Most of the famous dystopian stories deal with the idea of the government having too much power, and history has shown time and again that is indeed something to worry about. However, these days I worry more about the inverse - government having no power. I worry about corporations becoming so deregulated that they essentially exist outside the law. Does that sound ridiculous? I hope so, but if you don't think that's the endgame goal of companies like Goldman Sachs, Bank of America or Comcast, I have a bridge to sell you in Solest.
If that makes the book sound like a bleak and cynical experience, I should note that I also tried to treat all of this with a hint of black comedy. I tend to deal with upsetting elements of life by making sarcastic comments at their expense and some of that sensibility has found its way into the text. I attempted to tell parts of the story though various "documents" - Facebook conversations, message boards, interview transcripts, etc. These sections were extremely fun to write and it was great fun to try and imitate the overall tenor of the internet. It's probably still not harsh enough - I opted not to include any racial/homophobic slurs which cost those sections a bit of authenticity - but for anyone who knows me well, there is probably at least one in-joke in there for you.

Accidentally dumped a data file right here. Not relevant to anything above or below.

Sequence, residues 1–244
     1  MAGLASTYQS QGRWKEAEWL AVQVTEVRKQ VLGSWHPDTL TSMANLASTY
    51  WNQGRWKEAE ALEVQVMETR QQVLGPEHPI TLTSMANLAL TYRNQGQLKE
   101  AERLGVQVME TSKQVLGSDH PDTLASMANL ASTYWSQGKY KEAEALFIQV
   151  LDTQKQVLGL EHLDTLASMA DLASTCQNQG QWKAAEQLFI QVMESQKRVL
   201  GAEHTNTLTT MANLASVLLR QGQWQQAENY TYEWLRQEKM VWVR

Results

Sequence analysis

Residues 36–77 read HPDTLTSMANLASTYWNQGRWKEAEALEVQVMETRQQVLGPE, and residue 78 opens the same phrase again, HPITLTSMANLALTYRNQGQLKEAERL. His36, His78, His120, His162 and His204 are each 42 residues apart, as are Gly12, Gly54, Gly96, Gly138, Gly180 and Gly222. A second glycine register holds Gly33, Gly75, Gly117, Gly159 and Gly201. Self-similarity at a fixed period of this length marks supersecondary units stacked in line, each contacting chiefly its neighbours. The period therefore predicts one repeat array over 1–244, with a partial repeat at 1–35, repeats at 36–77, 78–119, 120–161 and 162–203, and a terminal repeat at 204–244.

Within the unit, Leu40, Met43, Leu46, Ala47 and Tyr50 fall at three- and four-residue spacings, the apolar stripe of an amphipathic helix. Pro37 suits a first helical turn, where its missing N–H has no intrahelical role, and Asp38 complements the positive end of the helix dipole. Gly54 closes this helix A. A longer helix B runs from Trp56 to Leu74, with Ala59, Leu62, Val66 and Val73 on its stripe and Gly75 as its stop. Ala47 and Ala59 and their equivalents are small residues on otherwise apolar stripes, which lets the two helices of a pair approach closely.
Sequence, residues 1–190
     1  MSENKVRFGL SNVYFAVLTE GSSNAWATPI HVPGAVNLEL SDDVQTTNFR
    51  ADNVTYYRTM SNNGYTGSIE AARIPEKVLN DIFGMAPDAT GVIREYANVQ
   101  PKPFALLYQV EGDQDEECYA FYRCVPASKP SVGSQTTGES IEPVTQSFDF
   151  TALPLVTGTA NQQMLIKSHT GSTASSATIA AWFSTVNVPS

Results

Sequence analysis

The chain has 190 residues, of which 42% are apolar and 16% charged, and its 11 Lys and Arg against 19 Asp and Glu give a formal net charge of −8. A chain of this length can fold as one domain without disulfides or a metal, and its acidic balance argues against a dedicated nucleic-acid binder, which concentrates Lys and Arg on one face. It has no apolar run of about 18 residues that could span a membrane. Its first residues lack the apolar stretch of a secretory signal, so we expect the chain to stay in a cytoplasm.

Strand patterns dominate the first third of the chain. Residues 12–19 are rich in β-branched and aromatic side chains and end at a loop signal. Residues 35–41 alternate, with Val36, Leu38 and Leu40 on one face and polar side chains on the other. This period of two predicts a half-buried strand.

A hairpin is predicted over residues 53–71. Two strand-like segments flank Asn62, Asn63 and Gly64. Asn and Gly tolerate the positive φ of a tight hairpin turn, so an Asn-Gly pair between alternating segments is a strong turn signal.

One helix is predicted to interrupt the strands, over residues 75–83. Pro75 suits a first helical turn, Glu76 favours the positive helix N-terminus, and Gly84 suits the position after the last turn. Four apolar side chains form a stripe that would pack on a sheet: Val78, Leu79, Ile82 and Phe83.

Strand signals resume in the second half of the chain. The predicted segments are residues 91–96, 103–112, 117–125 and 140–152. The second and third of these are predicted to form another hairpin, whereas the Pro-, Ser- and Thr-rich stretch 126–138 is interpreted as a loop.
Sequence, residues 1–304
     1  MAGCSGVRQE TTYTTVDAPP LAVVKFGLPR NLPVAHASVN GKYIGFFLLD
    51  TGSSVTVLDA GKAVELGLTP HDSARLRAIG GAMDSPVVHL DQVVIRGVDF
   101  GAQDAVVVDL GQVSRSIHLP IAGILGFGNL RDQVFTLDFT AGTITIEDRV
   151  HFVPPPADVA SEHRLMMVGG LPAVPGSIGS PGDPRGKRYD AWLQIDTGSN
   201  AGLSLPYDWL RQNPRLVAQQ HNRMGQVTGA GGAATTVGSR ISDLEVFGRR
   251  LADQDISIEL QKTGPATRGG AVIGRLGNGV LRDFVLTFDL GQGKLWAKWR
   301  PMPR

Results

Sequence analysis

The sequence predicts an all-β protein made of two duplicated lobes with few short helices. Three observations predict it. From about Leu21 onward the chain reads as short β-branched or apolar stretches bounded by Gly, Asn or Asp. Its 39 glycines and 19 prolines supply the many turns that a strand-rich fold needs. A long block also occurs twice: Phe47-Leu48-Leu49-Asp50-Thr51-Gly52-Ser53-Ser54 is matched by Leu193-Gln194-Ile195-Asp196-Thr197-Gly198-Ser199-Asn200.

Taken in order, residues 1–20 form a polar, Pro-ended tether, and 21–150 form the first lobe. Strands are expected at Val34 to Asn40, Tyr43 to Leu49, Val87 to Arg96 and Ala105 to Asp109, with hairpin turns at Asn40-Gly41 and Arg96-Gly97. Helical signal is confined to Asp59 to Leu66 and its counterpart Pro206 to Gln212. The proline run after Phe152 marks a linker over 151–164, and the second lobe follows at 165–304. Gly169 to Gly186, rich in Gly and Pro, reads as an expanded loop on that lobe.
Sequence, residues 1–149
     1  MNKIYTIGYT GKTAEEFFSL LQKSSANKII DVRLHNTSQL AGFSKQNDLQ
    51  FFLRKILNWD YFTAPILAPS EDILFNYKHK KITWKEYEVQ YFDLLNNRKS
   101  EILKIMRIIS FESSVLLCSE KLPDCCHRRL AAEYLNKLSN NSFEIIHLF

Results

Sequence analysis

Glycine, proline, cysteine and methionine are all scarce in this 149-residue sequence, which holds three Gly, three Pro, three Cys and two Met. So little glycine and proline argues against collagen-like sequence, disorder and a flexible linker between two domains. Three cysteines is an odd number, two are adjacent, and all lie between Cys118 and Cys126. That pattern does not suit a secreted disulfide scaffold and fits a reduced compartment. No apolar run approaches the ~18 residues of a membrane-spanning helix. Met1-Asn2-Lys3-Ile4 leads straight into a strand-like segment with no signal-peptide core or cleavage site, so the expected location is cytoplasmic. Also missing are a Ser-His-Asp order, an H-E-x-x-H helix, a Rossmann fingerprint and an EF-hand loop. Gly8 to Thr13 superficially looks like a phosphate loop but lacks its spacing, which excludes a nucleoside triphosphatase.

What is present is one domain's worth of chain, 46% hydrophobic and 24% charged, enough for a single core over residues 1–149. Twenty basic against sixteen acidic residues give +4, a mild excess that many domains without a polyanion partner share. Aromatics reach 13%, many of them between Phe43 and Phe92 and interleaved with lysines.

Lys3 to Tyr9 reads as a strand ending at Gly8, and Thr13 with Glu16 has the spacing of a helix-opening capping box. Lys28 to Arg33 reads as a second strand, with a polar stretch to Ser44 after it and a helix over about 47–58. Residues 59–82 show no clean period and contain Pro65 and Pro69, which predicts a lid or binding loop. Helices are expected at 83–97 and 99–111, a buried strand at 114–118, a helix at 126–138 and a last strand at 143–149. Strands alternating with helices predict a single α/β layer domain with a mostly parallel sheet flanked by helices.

So after writing the book and revising it extensively for another few months, it was time to see if I could bring it over to Kindle and other e-readers. How hard could it have been? Really damn hard, as it turned out. What a steep learning curve. I spent another six months nearly banging my head against the wall wondering why the page breaks weren't working, why certain paragraphs weren't indenting properly, and various other shenanigans. I suspect that if I do this again, it will go smoother, but it was way more of an undertaking than I expected. I hope it will be worth the effort - books seem to be going through something very similar to what the music industry experienced ten years ago.
The whole industry is changing. This also means that self-publishing has become a more viable option. I've heard enough horror stories about publishing companies (and I have one of my own, thanks to my ill-fated attempt at a nonfiction book a few years back) that I knew this would be the path I took. I'll have to overcome the stigma of self-published novels being poorly-spelled piles of incoherence, but that also gives a potential advantage of being a pleasant surprise. If anyone reads this and decides to check out the book afterwards, I hope that's what it is for you as well.